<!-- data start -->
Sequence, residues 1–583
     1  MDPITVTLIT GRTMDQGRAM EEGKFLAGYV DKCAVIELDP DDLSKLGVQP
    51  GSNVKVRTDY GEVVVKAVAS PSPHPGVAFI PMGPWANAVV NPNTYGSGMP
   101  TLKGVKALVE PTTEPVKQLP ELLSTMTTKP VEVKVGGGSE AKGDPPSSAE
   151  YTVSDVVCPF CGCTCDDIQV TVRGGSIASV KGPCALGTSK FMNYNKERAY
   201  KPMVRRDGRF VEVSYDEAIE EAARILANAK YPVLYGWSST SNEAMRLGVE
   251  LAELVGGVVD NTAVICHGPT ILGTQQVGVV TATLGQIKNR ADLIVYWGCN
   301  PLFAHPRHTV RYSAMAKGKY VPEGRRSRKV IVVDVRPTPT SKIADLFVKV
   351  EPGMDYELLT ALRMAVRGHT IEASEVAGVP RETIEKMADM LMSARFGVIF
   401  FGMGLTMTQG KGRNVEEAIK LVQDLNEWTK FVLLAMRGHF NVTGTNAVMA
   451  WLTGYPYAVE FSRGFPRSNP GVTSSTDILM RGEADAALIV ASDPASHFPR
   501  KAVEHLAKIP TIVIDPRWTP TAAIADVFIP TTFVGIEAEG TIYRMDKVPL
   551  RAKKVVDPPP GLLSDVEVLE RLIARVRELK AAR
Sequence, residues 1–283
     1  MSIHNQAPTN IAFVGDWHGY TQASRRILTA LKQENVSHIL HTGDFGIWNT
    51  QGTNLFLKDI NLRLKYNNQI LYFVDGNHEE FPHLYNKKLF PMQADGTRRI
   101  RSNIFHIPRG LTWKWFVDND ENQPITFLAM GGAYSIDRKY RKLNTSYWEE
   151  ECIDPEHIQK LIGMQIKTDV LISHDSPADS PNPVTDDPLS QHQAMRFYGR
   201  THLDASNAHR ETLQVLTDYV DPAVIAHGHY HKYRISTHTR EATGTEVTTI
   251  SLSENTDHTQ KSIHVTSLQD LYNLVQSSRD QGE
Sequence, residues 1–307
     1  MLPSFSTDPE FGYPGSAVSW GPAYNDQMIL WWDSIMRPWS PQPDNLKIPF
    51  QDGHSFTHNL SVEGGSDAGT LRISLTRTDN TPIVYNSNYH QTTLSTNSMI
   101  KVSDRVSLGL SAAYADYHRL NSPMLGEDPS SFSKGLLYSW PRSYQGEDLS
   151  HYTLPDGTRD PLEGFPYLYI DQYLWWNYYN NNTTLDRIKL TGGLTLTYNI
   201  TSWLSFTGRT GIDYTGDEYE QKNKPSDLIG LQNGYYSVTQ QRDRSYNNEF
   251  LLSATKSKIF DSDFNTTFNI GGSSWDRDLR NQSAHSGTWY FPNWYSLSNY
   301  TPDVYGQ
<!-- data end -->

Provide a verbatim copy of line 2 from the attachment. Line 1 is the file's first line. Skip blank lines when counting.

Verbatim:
     1  MDPITVTLIT GRTMDQGRAM EEGKFLAGYV DKCAVIELDP DDLSKLGVQP